May 15, 2012
|Photo by David Woods|
So, graduates, here we are.
Assembled together one last time before we are dispersed to the various corners
of the world. When I found out I was valedictorian—that I had to speak to all
of you—my first reaction was panic. What on earth to say?
I got a lot of different advice: some of my professors told me to challenge the system. “Don’t be cliché,” others said. “Why don’t you say a nice prayer?” my grandmother suggested. “You should open with a quote!” said Dr. [Jana] Mathews. So, in five minutes, I’ll try to do all of those things.
Years ago, I peer mentored a class for Dr. [Mario] D’Amato that examined the intersection between film and various religions. In that class, the first film we analyzed was the 1999 classic Fight Club. I want to tell you, as Tyler Durden would, that “you are not special. That you are not a beautiful or unique snowflake.”
This is a tough truth for us graduates to face. To know that we are going out into a world that can sometimes make us feel that we are not unique, or beautiful, or valuable. A world that can feel impersonal, cruel, and will not clean up our messes. Times are uncertain, and it’s difficult knowing that sometimes those high numbers on your résumé might not get you what you hope.
I myself have confronted disappointment and adversity in the job market. I had spent the first three years of undergrad preparing for a career in corporate finance/investment banking. I felt pretty sure that my ship had come in when, last spring, I made it to to the final round of interviews for a job at a prestigious investment banking firm in New York City. Out of a thousand candidates, I was in the final twenty. “I have this in the bag,” I thought to myself. So I went, talked, told my story, answered their questions, smiled, looked nice in a suit. At the end of the day, the hiring committee called me in. I sat in front of a panel, a few folks who were looking at my résumé.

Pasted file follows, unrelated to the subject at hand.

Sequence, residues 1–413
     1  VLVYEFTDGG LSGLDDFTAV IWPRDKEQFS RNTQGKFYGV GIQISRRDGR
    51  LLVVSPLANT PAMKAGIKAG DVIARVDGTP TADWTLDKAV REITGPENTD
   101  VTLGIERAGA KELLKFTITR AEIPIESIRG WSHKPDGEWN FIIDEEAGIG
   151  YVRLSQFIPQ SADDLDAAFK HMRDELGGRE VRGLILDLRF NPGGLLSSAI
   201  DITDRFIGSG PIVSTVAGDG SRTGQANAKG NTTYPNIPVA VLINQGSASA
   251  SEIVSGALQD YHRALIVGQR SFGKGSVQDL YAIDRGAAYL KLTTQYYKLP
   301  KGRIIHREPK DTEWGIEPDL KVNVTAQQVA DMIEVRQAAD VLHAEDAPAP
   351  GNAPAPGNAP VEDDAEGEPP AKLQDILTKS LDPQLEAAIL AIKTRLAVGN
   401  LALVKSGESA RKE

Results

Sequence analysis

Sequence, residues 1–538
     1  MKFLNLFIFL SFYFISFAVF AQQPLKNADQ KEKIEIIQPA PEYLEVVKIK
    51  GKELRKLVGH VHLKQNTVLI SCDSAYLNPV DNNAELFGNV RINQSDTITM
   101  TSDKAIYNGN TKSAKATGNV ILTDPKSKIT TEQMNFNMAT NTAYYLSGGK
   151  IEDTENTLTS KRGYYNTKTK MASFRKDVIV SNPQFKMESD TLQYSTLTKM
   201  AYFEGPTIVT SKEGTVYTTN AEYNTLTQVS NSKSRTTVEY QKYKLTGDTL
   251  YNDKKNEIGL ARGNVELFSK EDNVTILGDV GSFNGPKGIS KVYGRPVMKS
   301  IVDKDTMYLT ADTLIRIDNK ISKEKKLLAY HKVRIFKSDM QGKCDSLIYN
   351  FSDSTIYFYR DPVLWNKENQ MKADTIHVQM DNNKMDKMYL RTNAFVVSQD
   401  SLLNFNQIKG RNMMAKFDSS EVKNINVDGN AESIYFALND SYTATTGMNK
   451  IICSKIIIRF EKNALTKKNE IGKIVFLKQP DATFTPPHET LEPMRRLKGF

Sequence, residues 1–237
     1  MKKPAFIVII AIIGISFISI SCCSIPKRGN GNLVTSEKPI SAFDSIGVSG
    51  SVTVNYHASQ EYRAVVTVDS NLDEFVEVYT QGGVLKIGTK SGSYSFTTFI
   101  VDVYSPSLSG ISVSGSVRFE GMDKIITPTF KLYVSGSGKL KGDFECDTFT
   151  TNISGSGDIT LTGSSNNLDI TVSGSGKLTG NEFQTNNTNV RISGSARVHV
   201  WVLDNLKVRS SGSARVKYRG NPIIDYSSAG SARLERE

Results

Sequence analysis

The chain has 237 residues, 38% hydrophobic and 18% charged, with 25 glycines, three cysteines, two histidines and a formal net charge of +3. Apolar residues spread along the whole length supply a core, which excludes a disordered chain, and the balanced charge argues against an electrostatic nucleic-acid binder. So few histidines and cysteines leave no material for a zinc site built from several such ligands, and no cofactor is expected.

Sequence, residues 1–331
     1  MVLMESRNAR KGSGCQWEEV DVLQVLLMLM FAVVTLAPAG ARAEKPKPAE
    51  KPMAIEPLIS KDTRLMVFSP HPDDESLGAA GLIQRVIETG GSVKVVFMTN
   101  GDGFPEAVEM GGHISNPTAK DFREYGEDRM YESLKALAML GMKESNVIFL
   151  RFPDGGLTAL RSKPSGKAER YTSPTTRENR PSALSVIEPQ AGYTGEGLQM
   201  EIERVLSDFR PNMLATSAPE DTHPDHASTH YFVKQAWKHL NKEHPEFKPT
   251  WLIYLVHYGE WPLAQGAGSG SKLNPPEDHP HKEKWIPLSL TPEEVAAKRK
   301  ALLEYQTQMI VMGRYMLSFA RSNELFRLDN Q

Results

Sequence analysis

“Very impressive,” they said, “But we have chosen to not award you the position.”
I was completely devastated. I figured out very quickly that I don’t deal well with rejection or failure. I sat around and brooded for weeks, alternately angry at myself, at the bank, at the entire financial sector. But eventually, I came to, and realized the truth of Tyler’s words. Here in the classroom or at home with parents, we are always told that we can be whatever we want. We are loved, held, coddled, comforted, protected, guarded, and supported. When that is stripped away, what is left? It’s almost existentially terrifying.
Of course, I’m not here to totally depress all of you. Rather, we must understand something deeper in Tyler’s words: we are not born; we are made. I can say, in truth, that Rollins has made me: it is my close relationships with Professors like Dr. Mathews and Dr. D’Amato that pushed me to deeper levels of scholarship; my collegiality with Dr. [Eric] Smaw that inspired me to go to law school; my friendship with Dr. [Twila] Papay that encouraged me to write and rediscover my creativity.
It was this fact that I realized in that dark place in my life. I accepted that I was not a unique, beautiful snowflake; I accepted that I was entitled to nothing. I came back to school determined to work harder than before, to succeed, to not allow rejection and disappointment to define me as a person. Six months and no social life later, I was accepted to my dream law school.
So, I stand here, not just to congratulate everyone on their graduation, but to challenge you: challenge you to not view this as the end of your journey, but as the beginning; challenge you to not expect anything but to struggle for everything; challenge you to not be defined by the things you own but by the things you do. I want to conclude by telling you that you will fail. But you will also succeed.
Love and Respect
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